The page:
The Cultural Whiplash of a Second-Generation Korean American

seoyoung kwon
Asian Voices Matter
11 min readApr 26, 2020

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Unpacking my childhood, and with it, my bitterness

I am neither fully Korean nor American. My Korean-ness and my American-ness are intertwined, feeding off of each other to create the unique Korean American identity that gives me both joy and pain.

Growing up in Austin, TX, in the early 2000s involved many moments colored with embarrassment and shame because of my culture and heritage.

During lunch one day in 1st grade, I opened the scratched Ziploc container that held 주먹밥/jumeokbap (rice balls) that had just the right amount of 멸치/myeolchi (anchovies) and juicy 참치/chamchi (tuna) in the middle. Everyone around me at the cafeteria table scrunched their noses up at the strong smell, as if my mother’s hours-long labor in the kitchen hand-crafting the rice balls with soy sauce-soaked plastic gloves amounted to wet dog food. One classmate spat out, “What is that smell?” This inevitable question that would ring in the air right after I cracked open my lunch would become a dreaded question that plagued my elementary and middle school memories.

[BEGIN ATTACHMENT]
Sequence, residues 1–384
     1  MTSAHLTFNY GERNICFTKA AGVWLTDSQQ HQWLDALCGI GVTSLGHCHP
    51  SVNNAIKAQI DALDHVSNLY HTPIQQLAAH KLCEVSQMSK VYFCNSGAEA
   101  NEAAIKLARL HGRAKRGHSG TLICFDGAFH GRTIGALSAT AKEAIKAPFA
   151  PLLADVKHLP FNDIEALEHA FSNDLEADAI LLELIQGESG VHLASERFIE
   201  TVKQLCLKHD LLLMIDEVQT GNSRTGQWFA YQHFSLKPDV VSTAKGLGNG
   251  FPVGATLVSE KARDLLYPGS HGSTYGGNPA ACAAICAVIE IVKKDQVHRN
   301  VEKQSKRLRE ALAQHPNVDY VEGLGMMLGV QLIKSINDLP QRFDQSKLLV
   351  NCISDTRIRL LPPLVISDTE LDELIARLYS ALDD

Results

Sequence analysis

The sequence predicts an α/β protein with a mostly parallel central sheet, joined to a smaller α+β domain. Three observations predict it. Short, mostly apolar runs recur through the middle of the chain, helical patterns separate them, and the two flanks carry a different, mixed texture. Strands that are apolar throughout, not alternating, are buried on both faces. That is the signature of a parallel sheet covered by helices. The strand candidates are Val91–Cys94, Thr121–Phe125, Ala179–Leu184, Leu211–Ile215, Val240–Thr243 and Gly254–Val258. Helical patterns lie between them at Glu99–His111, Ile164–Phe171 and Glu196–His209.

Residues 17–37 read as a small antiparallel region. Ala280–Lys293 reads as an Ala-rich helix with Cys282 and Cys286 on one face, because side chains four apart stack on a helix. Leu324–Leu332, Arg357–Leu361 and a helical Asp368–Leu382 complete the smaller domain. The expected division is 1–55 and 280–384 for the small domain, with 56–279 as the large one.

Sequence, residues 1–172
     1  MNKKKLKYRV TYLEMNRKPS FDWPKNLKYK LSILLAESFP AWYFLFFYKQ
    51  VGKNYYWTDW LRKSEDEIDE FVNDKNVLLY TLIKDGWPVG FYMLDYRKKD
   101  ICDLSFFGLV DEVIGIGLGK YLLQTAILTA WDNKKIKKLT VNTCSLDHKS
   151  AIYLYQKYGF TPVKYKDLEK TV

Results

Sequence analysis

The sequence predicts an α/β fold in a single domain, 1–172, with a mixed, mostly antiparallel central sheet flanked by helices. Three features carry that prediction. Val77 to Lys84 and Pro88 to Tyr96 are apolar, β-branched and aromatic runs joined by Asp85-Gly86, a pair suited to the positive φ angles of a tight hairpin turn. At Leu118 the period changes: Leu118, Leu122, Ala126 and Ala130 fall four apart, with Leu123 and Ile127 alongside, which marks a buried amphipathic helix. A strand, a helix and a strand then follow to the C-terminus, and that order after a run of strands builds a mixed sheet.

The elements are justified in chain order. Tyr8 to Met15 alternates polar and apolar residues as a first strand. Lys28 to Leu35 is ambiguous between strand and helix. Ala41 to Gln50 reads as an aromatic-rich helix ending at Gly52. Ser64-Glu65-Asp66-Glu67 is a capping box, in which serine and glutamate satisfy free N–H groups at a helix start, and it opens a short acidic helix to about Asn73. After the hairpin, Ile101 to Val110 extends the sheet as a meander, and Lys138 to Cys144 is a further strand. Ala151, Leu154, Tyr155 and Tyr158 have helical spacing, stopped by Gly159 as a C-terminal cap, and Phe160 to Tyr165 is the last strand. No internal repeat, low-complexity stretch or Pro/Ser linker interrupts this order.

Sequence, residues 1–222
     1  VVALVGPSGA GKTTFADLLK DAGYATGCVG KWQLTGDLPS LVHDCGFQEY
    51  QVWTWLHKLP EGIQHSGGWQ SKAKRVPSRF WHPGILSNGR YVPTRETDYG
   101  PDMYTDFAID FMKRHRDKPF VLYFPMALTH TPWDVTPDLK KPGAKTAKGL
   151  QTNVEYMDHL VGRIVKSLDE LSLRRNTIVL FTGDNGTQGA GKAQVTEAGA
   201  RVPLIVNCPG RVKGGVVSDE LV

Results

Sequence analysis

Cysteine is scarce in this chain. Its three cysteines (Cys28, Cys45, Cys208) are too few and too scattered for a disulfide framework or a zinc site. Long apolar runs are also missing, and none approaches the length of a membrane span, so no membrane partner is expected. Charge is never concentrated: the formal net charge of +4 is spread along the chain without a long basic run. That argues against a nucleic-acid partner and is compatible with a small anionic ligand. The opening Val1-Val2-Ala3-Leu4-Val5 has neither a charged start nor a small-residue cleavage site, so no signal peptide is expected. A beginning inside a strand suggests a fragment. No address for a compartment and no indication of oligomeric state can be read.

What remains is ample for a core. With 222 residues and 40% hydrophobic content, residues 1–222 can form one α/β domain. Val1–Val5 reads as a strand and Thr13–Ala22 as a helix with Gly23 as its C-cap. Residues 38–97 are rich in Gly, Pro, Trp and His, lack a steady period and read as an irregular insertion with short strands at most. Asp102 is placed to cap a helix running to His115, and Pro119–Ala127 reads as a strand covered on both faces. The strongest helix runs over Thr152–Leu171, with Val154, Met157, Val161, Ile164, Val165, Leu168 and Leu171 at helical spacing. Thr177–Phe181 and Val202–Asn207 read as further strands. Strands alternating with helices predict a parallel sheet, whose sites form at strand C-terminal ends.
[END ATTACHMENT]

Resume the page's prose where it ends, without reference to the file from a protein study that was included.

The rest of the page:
Had I found the confidence or known what to say then, I would have argued that strong and fermented smells had its rightful place alongside other foods. These were the smells that represented home to me, and the smells I would find at the middle of the dining table. On top of the rickety wood in the middle there would be a big silver pot filled with some kind of 찌개/jjigae (stew), surrounded by the multitude of white porcelain dishes with stacked hills of 갈비/galbi, 잡채/japchae, spinach, regular and acorn tofu sprinkled with sesame seeds, and 김치/kimchi. On the side would be small lakes of the vinegar, soy sauce, and sesame seeds mixture, perfect for 만두/mandu and 두부/tofu to be dipped in.